Re: PRR H34A PS-2 (was RI PS-1 box car)


Mike Brock <brockm@...>
 

Ed Hawkins notes about the Pennsy H34A...whatever that is <g>:

"As far as I know, this is the only paint sample that could be
found during their production planning and this was considered to be a
far better color standard than any color photograph, which may or may
not represent the true color of the actual cars when built in the
mid-1950s."


Hmmmm. I hate to stand up when bullets are flying...particularly about something as obscure yet profound as color. Nevertheless, being fully aware that..."fools walk in...", I would offer a SLIGHTLY different view about color photos. If we're talking about a photo of a single subject, I agree that we don't know what effects different processes may have occurred that may have altered the appearance. However, if other colors...perhaps even other cars...that we KNOW the color of DO appear in the photo, then the information is much more useful. For example, as I have said before, one of my favorite photos is on the cover of the book USRA 2-8-8-2 Series Classic Power 3A by NJ International. This color photo shows two N&W Y class locomotives passing through Roanoke. The engines appear very brownish black...more brown than black, in fact. They are, indeed, dirty from the appearance of the lettering. Now, one might speculate that the photo offers little help in determining their actual color except for one...actually two...things. Standing to the right of the locomotives is a signal with its back to the camera. On the other side and behind the two locomotives is the rear end of a...I think..tender probably recently shopped. Both the signal and tender are very black appearing....no browns at all. From this, we know that the two engines are, indeed, brownish black...unless we believe that parts of the film or lens acted differently from others. The locomotives were, I'm certain, painted black and a paint chip would surely show that. Nature etc. has altered their original appearance and, yes, we're all aware of that. This example has nothing whatever to do with the argument about the as built paint on the Pennsy hopper [ I have not seen the photo ] and I offer it only to suggest that color photos DO have their uses. I find this concept very useful in dispelling beliefs in the consistency of painting operations [ a subject currently under discussion on the Passenger Car Group ]. There are other examples that I could name of clean looking Swift cars with very different appearing shades of red, two distinctly different colors of red on NP box cars and even a horribly pinkish red on a Santa Fe box car coupled to another that appears just fine...neither very weathered.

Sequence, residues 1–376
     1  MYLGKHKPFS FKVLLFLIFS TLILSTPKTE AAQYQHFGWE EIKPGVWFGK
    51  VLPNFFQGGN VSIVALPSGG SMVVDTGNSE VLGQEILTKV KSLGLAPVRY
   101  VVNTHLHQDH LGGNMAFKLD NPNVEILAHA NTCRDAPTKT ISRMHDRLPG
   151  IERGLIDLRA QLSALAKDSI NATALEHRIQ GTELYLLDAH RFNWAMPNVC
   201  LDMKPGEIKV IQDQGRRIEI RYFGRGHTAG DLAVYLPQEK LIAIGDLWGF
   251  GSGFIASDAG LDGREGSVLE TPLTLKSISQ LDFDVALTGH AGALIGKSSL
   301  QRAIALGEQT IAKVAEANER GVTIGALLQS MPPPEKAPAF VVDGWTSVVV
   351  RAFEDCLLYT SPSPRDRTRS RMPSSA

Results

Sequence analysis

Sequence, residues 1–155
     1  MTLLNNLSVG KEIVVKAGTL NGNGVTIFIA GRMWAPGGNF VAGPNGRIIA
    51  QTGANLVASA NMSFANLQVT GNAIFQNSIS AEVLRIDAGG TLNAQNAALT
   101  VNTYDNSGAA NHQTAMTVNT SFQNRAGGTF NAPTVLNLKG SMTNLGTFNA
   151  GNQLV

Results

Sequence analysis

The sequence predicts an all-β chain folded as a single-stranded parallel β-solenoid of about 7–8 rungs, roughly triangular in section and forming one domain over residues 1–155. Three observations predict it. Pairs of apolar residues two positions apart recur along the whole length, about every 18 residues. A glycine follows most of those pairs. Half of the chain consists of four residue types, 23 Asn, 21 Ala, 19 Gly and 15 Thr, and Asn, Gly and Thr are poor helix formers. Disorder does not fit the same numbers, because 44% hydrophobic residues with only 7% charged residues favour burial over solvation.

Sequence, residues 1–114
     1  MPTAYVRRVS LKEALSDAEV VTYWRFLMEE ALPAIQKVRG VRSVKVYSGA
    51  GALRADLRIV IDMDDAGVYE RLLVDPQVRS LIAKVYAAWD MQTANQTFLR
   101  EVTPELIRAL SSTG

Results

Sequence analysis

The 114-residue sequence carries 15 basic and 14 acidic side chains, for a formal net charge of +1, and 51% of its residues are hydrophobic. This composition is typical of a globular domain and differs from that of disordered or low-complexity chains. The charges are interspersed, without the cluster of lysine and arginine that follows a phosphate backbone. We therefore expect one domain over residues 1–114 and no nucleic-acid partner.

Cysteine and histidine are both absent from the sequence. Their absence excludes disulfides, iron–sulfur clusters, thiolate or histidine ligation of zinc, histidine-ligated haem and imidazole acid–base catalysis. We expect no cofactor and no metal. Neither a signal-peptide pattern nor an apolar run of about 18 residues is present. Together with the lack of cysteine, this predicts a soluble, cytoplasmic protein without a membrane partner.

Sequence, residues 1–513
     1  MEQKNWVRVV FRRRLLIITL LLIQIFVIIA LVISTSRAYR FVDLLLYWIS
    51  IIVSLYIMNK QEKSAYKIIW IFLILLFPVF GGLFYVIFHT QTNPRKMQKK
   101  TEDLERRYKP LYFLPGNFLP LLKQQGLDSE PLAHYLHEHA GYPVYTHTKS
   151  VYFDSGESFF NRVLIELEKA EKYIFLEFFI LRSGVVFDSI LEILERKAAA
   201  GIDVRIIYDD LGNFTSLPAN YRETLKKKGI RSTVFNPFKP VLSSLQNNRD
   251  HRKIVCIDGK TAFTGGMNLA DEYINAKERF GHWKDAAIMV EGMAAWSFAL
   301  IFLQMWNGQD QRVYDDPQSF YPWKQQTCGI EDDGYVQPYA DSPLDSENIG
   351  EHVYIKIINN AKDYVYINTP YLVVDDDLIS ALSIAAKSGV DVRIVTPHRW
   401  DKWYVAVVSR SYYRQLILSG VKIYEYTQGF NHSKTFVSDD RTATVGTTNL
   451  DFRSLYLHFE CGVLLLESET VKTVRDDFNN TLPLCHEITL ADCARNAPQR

OK...back to shooting. Don't forget to duck, though, and...oh yes...no real bullets please.

Mike Brock...Hmmm. Wonder if there's one of those hoppers in the William Price WM book? Now...there's some beautiful photos.

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